I recently read this article by Matthew Gasda about the value of regularly writing letters instead of just emails. He thinks this is one of the best ways to develop as a writer, because it allows us to “think on the page” and explore, in depth, our ideas as well as different writing techniques.
Email is all about being as concise as possible. Letter-writing is about expression and exploration.
“Writing an email, usually in the midst of several other activities simultaneously — that is, while distracted and unfocused — fundamentally can’t be the same thing as sitting down in a moment of relative quiet to compose a letter. There is some hard science to back this statement up — our brains just read and process text differently on a screen…”
I used to write letters fairly often, and I loved doing it. More often, though, the way that I make myself write regularly (which is, I think, Gasda’s main point) is by blogging or writing in a journal. The latter has actually become my preferred method; I’ve only recently realized just how much of a different there is between writing on paper and typing on a keyboard.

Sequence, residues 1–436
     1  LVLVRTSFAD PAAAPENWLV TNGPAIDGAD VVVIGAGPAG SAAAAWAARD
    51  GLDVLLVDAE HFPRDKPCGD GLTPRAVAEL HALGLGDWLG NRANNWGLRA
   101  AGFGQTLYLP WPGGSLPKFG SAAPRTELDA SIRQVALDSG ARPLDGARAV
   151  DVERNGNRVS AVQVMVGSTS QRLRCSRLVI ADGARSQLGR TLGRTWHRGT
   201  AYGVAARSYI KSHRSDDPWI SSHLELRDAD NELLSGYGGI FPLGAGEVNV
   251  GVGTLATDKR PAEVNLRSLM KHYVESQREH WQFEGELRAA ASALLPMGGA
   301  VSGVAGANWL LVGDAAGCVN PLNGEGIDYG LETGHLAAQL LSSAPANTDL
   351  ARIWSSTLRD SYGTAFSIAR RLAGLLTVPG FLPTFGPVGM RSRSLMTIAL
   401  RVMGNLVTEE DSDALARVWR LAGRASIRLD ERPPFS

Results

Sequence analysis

Here’s an excerpt from one of my freewrites:
“I can’t keep up and my hand hurts but for some mysterious reason I feel that I have to do this by hand. Like I won’t get as much out of it if I don’t. I’ve spent the past several – 6? 8? – years writing almost exclusively on a screen, but even though there are a lot of benefits to that (speed, convenience, privacy, organization) I find that there’s some sort of mysterious process that occurs when I touch pen to paper. Almost like I’m more connected to the ideas in me. Maybe because I’m physically producing letters and words and phrases instead of hitting labeled keys on a keyboard. I really don’t know. This has helped me brainstorm and start writing. Maybe b/c it feels less permanent and fixed than a computer document, even though really my text is more easily changeable and re-arrangeable there. But then again, maybe its precisely that, that pressure of editing capacity/possibility that makes me anxious and blocked. I’m still learning.”